reloadable prepaid card and two payroll card programmes indicate
the average annual costs range from $29 to $117. By comparison,
cheque and cash users pay from $165 to $300 annually.

The data from the two reloadable card
programmes, analysed between July 2006 and July 2009, resulted in a
weighted average annual cost to the consumer of $117 and $106. One
payroll card programme studied showed a weighted average annual
cost to the consumer of $29. The other payroll card programme
calculated an annual cost of $48.

“These costs are basic to cover recurring
monthly expenses and cash needs. As shown in the fee comparison,
there are a multitude of other services a consumer could use that
would increase costs for both bank and prepaid card accounts.

“Bretton Woods believes that many of the
ancillary services are discretionary and costs can be avoided with
appropriate disclosures by the providers of the services.”

Convenience

Among the positives of prepaid cards as a cash
substitute are the ability to reload cards, which is more
convenient and less expensive than going to a cheque cashier, and
the safety of not carrying cash – even if a prepaid card is lost or
stolen, the consumer will not lose the value of the card. And from
a public policy perspective, a key benefit of prepaid cards is the
audit trail of transactions.

The study noted that there have been calls to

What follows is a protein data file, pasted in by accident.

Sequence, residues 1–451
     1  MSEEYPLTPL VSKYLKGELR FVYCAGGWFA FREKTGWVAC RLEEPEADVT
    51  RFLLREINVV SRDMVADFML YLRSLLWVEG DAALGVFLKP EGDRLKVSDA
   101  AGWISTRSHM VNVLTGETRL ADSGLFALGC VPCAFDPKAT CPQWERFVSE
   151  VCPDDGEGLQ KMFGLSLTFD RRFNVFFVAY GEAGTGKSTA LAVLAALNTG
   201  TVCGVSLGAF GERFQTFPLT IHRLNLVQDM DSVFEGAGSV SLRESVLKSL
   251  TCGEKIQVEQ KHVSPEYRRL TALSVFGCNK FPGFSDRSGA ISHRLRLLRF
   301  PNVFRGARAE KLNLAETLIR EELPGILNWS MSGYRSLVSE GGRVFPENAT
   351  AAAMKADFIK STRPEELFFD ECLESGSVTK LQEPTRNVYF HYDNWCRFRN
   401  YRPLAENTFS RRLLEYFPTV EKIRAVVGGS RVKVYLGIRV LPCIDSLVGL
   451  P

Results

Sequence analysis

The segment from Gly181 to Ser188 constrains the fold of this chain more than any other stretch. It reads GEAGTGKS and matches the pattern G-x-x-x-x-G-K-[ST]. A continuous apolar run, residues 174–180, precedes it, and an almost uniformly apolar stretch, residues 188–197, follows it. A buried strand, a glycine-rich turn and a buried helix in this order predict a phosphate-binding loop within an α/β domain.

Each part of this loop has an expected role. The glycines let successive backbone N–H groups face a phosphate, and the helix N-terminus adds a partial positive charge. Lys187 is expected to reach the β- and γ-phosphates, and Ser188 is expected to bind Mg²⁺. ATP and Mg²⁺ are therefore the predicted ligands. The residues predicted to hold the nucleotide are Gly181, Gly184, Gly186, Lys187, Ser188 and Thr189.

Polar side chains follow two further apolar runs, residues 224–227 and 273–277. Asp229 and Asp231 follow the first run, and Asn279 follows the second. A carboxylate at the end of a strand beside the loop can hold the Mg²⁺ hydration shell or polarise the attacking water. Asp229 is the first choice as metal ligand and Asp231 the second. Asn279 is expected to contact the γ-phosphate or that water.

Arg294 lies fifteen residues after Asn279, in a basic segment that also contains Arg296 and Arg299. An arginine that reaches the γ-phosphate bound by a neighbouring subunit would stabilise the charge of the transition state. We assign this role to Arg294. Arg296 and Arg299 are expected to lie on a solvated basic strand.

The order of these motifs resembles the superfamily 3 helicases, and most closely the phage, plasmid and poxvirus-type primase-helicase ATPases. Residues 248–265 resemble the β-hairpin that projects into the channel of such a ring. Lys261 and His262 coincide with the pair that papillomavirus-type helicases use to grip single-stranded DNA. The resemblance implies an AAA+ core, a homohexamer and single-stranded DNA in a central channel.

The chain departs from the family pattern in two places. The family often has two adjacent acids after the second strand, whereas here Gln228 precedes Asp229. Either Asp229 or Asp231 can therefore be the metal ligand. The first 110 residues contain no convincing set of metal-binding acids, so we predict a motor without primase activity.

amend the US Electronic Funds Transfer Act to include prepaid cards
to allow the same level of protection as bank debit cards, with
Bretton Woods stating that branded prepaid cards are in many cases
as safe and secure as FDIC insured current accounts. The majority
of branded prepaid card suppliers offer protections for lost and
stolen cards and unauthorised purchases, similar to bank debit
cards.

“From a consumer perspective, while banks
provide many protections by regulation, branded prepaid card
providers, who abide by industry best practices and the Visa and
MasterCard zero liability policy, offer similar protections,” the
report stated.

“It is not clear that prepaid cards are any
more risky than other card products such as credit and debit cards.
The industry has pointed out that unlike cash and cheques, prepaid
card transactions are traceable and trackable [with date, place,
time and amount of each transaction recorded – the same as with
credit and debit card transactions].

“Moreover, like credit and debit cards,
prepaid cards can be cancelled and the funds frozen at any time –
even without possession of the card.”

Further protection of prepaid cards is
scheduled to be in place in February 2010, when the US Department
of Treasury will issue final regulations on non-bank stored value
issuers, sellers and redeemers.

“This may increase prepaid card anti-money
laundering [AML] reporting requirements and may formalise the
requirement for customer identification programmes with respect to
reloadable, cash-accessible cards – especially those that are
usable globally,” the study noted.

However, even without mandated AML
regulations, the study said the industry has already adopted a
number of best practices – for example, anonymous branded prepaid
cards are not available for sale to the public in amounts over
$1,000, nor can such cards be reloaded or used at ATMs to obtain
cash.

But Bretton Woods emphasised that with advent
of new technologies such as contactless, “it is in the best
interest of the industry to be proactive in self-regulation”.